Faith groups protest Biden plan to control their employment decisions

 April 9, 2024

This story was originally published by the WND News Center.

"Nondiscrimination" schemes under the Joe Biden regime in Washington often have been used to advocate for blatant discrimination against Christians and Christian organizations.

One such situation recently developed when Democrats in Colorado insisted they could force a web designer to promote same-sex weddings if she provided any services to couples getting married.

The Supreme Court slapped down the state for violating the Constitution in its leftist agenda.

But those issues have developed over and over, and now it involves the State Department, which is proposing a new "nondiscrimination" demand that could affect the employment decisions of Christian ministries.

So officials with Samaritan's Purse, the Christian Legal Society, the Accord Network and other ministries have written to the State Department protesting the agency's plans.

The new proposal would ban discrimination against beneficiaries of programs that are sometimes given grants by the government "on specified bases."

But then the State Department bureaucrats also want to demand that those organizations providing benefits on a nondiscriminatory basis also hire employees on a nondiscriminatory basis.

The ministries in a letter to State explain that they "affirm" the idea of not discriminating against any benefit "recipient."

But the problem is the rules as planned by State threaten their right to hire employees they choose, and possibly could  force them to stop partnering with the government on aid programs.

It's not a small problem, they explain. "To illustrate the full extent of the potential loss of foreign assistance of USAID's top 50 largest foreign assistance recipients, religious organizations comprise $613 million in obligated agency funding in FY '23. They have worked in over 100 countries programming in water, sanitation and hygiene (WASH), displaced persons and refugee support, countertrafficking, and strengthening of civil society structures like health care and justice systems."

The aid organizations explain that the rule needs to provide that their religious character, affiliation, practices, and expressions of religious beliefs "will not preclude" them from participating in various programs.

They cite the Constitution, the religion clauses of the First Amendment, the Religious Freedom Restoration Act and more to explain that the laws of the land require nondiscrimination rules to provide "overriding protection for religious freedom."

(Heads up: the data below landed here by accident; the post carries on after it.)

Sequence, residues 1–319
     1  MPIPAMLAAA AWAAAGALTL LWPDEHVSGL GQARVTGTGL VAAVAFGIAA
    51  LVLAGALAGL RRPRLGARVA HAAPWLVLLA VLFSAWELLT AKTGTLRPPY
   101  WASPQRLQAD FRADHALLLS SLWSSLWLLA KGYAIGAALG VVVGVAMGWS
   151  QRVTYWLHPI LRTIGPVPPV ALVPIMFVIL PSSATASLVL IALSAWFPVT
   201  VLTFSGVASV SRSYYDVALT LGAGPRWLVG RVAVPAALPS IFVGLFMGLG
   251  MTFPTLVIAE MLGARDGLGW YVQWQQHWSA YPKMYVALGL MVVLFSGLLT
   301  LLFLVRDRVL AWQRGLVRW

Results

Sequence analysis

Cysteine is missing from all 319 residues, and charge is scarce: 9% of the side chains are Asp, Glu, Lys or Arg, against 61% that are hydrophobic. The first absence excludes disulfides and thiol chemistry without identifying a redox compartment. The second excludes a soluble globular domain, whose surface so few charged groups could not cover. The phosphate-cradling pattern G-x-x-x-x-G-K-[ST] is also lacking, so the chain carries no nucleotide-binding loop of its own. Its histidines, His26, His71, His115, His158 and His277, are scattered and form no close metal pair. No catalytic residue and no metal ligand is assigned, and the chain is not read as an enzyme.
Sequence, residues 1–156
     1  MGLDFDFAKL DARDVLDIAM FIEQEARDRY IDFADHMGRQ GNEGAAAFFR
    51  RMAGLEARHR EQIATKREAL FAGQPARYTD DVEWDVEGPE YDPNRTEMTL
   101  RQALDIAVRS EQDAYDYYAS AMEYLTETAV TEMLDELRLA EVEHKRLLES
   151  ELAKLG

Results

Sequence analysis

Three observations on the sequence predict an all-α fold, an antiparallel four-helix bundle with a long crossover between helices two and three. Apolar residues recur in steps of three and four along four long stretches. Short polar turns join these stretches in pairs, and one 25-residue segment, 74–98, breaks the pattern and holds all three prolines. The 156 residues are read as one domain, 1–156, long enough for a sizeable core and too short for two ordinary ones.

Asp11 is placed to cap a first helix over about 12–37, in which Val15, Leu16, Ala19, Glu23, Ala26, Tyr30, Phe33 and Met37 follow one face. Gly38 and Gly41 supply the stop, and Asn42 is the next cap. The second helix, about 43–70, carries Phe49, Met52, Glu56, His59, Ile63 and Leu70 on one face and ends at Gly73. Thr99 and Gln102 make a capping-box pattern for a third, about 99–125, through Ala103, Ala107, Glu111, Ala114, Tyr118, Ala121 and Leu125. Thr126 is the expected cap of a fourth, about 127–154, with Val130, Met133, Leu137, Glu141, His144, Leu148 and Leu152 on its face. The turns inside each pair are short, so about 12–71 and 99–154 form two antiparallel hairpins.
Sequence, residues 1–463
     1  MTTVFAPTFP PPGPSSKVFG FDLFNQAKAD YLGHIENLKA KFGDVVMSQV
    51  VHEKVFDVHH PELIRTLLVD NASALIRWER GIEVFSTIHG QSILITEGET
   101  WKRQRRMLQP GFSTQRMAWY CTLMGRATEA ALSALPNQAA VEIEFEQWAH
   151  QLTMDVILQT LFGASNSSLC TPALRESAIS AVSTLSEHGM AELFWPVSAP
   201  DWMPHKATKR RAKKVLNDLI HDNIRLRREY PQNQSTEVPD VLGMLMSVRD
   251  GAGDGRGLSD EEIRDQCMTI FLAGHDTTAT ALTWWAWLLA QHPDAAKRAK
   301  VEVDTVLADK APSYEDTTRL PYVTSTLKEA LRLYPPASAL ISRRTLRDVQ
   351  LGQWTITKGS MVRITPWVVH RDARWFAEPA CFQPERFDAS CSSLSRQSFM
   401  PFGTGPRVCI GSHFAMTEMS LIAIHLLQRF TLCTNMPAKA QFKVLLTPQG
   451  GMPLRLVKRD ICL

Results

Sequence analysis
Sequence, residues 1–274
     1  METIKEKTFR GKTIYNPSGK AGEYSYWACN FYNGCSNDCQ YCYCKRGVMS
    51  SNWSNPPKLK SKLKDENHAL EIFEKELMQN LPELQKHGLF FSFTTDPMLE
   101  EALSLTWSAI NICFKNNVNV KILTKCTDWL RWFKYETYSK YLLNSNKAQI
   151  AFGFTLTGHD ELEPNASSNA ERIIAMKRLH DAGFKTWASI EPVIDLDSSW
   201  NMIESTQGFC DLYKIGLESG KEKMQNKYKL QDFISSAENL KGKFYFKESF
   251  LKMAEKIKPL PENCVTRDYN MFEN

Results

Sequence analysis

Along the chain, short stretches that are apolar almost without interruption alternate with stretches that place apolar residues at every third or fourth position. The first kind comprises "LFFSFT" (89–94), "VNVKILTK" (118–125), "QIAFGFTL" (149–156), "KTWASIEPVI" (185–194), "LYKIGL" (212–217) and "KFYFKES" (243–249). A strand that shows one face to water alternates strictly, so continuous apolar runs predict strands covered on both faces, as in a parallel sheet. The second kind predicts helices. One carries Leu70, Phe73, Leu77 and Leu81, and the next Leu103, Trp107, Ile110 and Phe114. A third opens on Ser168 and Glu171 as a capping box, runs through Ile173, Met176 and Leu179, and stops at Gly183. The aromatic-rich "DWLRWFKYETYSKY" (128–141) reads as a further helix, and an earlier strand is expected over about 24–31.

Without a provision for religious rights, the organizations told State, the proposed rules are "arbitrary and capricious" for failing "to consider a reasonable alternative, specifically, categorical exemption of religious organizations applying for foreign assistance grants and federal acquisition contracts…"

Without changes, the groups warn the Biden administration, "the regulations will infringe statutory and constitutional rights, frustrate the regulations' stated purpose, impede the delivery of foreign assistance, threaten the U.S. government's foreign policy objectives, foment expensive litigation and result in the unintended exclusion of religious organizations from being applicants and offerors for the department's grants and contracts."

Online, there's a petition procedure for people to sign up to agree with the comments: "I strongly oppose the U.S. State Department's consideration of new regulations that will cut off grants and contracts to Christian – and all faith-based – relief organizations that require their employees to share their faith and their religious values."

The charge to the government came from the Accord Network, Samaritan’s Purse, Christian Legal Society, and the Ethics and Religious Liberty Commission of the Southern Baptist Convention and others.

Specifically, the government is warned that there are such things as religious rights protected by the Constitution and the proposal would "not allow [faith-based organizations] to consider sexual orientation and gender identity or expression in the hiring process in order to remain eligible for foreign aid funding."

The ERLC explained, "Hiring staff members that reflect the religious beliefs of an organization is a long-standing pillar of religious liberty protections."

Franklin Graham, who heads Samaritan's Purse, added, "These proposed State Department regulations could be used to force faith-based organizations like Samaritan’s Purse to hire staff who disagree with our core biblical beliefs about God’s design for marriage, sexuality, and gender in order to be eligible for government grants."

He continued, "Samaritan’s Purse is a Christian organization and we will not compromise on the fundamental principle of hiring like-minded Christians who share our calling, our stand on the authority of God’s Word, and our statement of faith."

The groups explain in their letter to the government there needs to be a "categorical exemption" from religious belief requirements in the process.

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